Compilation of Weekly Presidential Documents - September 11, 2000 - Message to the Senate transmitting the protocol to the Madrid agreement on international registration of marks with documentations

Monday, September 11, 2000


Volume 36, Issue 36; ISSN: 0511-4187


Message to the Senate transmitting the protocol to the Madrid agreement on

international registration of marks with documentations

William J Clinton



� September 5, 2000



� To the Senate of the United States:



� I transmit herewith, for the advice and consent of the Senate to

accession, the Protocol Relating to the Madrid Agreement Concerning

the International Registration of Marks adopted at Madrid June 27,

1989, which entered into force December 1, 1995. Also transmitted

for the information of the Senate are the report of the Department

of State with respect to the Protocol and a February 2, 2000, letter

from the Council of the European Union regarding voting within the

Assembly established under the Protocol.



� The Protocol will offer several major advantages to U.S. trademark

owners. First, registration of trademarks internationally will be

possible without obtaining a local agent and without filing an

application in each Contracting Party. If the United States accedes

to the Protocol, the Protocol will provide a trademark registration

filing system that will permit a U.S. trademark owner to file for

registration in any number of Contracting Parties by filing a single

standardized application in English, and with a single payment in

dollars, at the United States Patent and Trademark Office (PTO). The

PTO will forward the application to the International Bureau of the

World Intellectual Property Organization (respectively, the

"International Bureau" and "WIPO"), which administers the Protocol.

Second, under the Protocol, renewal of a trademark registration in

each Contracting Party may be made by filing a single request with a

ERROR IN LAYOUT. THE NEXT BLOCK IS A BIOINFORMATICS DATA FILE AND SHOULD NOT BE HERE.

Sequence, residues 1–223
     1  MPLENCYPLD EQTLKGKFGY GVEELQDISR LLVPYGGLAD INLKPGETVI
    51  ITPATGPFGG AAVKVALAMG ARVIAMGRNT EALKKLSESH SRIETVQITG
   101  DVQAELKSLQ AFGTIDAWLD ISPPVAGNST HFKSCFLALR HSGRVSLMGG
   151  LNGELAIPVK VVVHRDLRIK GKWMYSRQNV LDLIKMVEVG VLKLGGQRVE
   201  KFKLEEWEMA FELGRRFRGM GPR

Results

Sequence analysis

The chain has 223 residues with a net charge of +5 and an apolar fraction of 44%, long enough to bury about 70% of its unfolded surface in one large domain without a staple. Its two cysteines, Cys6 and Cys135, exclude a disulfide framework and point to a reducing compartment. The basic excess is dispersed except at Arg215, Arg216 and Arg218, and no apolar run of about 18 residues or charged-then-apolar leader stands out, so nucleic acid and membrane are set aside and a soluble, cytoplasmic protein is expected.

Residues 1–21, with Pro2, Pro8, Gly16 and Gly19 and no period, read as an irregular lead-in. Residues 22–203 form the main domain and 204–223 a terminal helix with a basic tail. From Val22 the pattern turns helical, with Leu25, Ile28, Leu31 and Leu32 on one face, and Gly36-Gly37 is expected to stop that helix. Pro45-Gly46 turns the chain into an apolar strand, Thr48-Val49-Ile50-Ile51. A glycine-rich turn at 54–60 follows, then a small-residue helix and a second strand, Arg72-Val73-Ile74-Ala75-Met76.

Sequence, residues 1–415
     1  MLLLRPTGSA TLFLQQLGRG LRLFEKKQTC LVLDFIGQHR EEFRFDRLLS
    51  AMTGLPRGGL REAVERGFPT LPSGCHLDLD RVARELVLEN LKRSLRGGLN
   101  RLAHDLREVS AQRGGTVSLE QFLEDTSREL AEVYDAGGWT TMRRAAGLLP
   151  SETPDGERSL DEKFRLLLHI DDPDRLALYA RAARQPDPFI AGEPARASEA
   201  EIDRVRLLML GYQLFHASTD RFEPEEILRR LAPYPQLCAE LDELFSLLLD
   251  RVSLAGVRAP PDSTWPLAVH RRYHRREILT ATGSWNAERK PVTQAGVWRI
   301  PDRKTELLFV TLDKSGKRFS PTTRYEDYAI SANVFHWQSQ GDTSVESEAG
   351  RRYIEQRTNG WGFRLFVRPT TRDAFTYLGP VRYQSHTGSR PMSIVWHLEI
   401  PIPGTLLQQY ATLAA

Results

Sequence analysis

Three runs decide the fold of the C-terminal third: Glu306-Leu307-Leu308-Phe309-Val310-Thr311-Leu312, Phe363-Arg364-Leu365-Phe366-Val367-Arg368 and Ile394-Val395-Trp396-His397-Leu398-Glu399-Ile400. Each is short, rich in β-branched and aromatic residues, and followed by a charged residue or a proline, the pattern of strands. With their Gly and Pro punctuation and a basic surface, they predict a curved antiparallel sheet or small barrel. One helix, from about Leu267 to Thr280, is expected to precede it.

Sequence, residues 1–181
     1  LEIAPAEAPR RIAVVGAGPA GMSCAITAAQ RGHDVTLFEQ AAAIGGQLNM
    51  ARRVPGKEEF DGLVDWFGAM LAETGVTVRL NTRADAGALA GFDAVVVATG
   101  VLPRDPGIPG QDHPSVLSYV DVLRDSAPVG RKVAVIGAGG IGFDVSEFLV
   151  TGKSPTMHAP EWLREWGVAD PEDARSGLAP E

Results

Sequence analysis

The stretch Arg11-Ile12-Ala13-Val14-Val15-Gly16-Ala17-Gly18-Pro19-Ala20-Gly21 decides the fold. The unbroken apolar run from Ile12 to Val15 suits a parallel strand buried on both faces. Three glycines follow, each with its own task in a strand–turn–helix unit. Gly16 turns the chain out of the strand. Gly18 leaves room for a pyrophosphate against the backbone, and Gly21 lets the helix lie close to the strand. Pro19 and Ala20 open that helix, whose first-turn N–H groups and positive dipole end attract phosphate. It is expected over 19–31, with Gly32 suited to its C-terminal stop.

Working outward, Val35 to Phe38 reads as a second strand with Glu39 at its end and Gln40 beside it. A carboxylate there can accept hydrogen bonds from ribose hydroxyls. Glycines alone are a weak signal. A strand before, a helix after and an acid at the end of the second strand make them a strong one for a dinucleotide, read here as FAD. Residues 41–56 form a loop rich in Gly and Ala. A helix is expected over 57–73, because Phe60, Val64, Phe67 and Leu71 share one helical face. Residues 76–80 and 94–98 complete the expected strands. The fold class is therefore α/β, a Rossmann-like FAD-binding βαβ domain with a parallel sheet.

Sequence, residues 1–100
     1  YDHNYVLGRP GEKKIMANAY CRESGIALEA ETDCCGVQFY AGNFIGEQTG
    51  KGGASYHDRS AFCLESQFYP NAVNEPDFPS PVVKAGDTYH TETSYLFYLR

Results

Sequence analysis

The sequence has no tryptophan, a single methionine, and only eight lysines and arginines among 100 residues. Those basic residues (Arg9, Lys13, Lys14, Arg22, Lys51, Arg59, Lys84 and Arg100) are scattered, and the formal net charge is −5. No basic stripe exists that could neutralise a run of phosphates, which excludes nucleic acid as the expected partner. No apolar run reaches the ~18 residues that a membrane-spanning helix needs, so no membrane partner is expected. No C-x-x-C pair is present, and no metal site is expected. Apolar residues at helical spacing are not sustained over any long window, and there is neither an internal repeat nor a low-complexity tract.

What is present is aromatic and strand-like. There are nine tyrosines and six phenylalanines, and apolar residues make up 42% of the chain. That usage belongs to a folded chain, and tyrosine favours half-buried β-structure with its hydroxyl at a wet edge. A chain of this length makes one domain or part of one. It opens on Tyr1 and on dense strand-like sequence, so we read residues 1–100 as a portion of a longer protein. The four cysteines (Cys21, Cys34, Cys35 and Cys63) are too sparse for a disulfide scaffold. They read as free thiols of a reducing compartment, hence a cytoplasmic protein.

single payment. These two advantages should make access to

international protection of trademarks more readily available to

both large and small U.S. businesses.



� Third, the Protocol will facilitate the recording internationally

of a change of ownership of a mark with a single filing. United

States businesses experience difficulties effecting valid

assignments of their marks internationally due to burdensome

administrative requirements for recordation of an assignment in many

countries. These difficulties can hinder the normal transfer of

business assets. The Protocol will permit the holder of an

international registration to record the assignment of a trademark

in all designated Contracting Parties upon the filing of a single

request with the International Bureau, accompanied by a single

payment. To carry out the provisions of the Protocol, identical

implementing legislation, which is supported by my Administration,

was passed by the House of Representatives and introduced in the




� Accession to the Protocol is in the best interests of the United

States. Therefore, I recommend the Senate give early and favorable

consideration to the Protocol and give its advice and consent to

accession, subject to the declarations described in the accompanying

report of the Department of State.



� William J. Clinton



� The White House,



� September 5,2000.




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